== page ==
See post # 163 in this thread.

Same with dried fruits of all kinds as someone else mention, fruit leathers. I have Excalibur dehydrators but other methods can be just as efficient. (I know an 81-year-old lady who has been drying fruit in her attic for 60 years) one of my neighbors makes big batches of jerky in an aluminum shed, purchased just for that purpose (roof painted matte black). In 100 degree desert heat, jerky happens in two days.

Yogurt - there is even a yogurt maker that uses the milk container itself. (Salton)


"There are, it has been said, two types of people in the world. There are those who say: this glass is half full. And then there are those who say: this glass is half empty. The world belongs, however, to those who can look at the glass and say: What's up with this glass? Excuse me? Excuse me? This is my glass? I don't think so. My glass was full! And it was a bigger glass!" Terry Pratchett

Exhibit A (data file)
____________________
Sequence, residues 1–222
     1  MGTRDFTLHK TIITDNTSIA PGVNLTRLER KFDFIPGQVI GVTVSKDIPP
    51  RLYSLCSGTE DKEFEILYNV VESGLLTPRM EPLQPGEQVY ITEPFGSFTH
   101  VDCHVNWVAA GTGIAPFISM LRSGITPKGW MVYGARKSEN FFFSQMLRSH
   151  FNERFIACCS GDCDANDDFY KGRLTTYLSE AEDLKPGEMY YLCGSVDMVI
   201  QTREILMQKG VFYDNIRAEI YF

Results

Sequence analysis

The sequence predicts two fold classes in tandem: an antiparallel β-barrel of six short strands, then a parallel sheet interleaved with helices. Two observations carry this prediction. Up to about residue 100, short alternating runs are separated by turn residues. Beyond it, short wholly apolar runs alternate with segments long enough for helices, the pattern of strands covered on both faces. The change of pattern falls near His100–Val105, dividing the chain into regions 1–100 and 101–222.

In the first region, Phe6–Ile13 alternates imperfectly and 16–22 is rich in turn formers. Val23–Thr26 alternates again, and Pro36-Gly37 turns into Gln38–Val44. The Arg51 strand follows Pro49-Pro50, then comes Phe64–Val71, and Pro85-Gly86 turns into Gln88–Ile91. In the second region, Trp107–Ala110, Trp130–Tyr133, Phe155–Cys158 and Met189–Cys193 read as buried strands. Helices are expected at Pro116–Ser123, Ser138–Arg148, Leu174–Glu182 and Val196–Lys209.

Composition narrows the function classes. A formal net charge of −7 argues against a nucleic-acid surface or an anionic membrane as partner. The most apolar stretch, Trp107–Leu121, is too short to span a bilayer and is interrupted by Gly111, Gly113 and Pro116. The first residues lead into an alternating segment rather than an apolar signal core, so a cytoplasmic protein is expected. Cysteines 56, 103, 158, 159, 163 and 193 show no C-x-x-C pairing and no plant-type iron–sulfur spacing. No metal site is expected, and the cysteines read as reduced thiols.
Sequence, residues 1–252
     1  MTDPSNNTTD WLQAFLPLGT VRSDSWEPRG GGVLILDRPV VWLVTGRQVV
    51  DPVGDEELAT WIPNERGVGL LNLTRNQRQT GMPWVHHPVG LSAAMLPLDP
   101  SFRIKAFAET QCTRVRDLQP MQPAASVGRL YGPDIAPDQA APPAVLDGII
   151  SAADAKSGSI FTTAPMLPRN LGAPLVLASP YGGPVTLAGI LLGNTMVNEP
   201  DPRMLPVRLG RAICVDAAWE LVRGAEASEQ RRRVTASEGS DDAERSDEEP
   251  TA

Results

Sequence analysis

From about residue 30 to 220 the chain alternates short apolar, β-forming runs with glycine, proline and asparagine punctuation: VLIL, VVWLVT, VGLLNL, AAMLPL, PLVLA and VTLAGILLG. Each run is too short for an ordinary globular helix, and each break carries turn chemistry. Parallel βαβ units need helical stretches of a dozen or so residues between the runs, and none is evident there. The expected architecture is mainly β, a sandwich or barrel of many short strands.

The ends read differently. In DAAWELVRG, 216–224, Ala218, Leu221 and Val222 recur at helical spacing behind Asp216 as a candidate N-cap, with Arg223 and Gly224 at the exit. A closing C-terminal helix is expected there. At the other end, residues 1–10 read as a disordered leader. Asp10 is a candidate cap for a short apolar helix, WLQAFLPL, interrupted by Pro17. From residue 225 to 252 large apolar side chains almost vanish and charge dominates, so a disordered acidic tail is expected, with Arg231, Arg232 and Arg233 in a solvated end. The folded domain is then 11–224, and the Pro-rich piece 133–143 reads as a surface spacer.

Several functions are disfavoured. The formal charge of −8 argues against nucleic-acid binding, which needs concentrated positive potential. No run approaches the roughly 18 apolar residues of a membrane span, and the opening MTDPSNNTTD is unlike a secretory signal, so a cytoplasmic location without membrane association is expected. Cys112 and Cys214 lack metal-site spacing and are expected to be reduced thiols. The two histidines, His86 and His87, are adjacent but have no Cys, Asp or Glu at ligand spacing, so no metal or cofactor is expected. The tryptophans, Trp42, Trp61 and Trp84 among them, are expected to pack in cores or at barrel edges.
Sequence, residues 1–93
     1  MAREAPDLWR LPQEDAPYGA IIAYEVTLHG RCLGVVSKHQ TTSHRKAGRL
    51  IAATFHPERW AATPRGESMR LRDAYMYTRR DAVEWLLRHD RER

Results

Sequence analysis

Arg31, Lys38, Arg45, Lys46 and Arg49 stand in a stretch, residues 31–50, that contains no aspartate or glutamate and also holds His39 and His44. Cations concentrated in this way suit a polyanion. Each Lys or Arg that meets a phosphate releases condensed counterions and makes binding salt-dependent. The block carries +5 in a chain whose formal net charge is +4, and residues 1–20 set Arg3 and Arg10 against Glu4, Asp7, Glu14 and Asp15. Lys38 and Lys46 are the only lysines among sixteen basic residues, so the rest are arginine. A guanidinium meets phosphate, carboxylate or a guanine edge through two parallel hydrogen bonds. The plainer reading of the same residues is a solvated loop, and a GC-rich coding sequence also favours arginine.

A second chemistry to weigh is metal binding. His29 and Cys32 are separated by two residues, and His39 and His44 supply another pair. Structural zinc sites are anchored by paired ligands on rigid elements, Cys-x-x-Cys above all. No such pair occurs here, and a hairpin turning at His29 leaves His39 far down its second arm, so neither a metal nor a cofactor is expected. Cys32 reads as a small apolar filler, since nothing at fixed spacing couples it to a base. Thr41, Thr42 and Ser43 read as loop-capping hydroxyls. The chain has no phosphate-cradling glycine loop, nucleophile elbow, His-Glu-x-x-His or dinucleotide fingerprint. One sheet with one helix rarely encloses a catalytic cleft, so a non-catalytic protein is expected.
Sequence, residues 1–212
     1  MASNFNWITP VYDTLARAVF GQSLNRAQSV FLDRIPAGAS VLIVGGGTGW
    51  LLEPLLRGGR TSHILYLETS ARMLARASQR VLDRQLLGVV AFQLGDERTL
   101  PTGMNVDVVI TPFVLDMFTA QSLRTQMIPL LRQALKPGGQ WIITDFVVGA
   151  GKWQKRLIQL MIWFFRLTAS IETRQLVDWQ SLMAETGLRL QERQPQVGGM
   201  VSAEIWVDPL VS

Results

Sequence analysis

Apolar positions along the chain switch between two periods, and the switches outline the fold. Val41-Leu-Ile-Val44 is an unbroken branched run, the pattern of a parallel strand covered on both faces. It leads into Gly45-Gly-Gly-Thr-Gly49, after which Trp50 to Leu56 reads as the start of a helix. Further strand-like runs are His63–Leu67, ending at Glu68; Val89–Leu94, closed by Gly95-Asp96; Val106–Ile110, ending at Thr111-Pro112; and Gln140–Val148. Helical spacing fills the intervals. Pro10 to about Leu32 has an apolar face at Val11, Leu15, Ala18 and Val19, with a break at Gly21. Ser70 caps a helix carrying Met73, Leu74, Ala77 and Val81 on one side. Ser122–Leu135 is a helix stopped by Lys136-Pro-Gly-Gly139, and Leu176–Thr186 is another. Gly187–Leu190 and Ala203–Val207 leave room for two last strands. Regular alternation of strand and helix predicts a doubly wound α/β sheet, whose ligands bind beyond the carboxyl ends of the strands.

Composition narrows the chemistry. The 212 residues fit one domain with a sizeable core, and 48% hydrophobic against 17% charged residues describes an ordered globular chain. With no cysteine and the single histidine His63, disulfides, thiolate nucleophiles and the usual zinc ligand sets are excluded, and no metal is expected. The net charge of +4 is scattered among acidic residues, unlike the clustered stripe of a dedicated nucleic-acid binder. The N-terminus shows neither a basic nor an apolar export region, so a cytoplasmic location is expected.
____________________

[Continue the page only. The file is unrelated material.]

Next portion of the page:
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I've just posted my Doofus Mayonnaise recipe to the RecipeGullet- have at it, ChefCrash! However, I do want to point out that I am quite verbose and that Megan Blocker has a lemon mayonnaise recipe up that is written in a much more concise way, and, well, mayonnaise is pretty much a simple emulsification of similar ingredients, I think!


More Than Salt

Visit Our Cape Coop Blog

Cure Cutaneous Lymphoma

Join the DarkSide---------------------------> DarkSide Member #006-03-09-06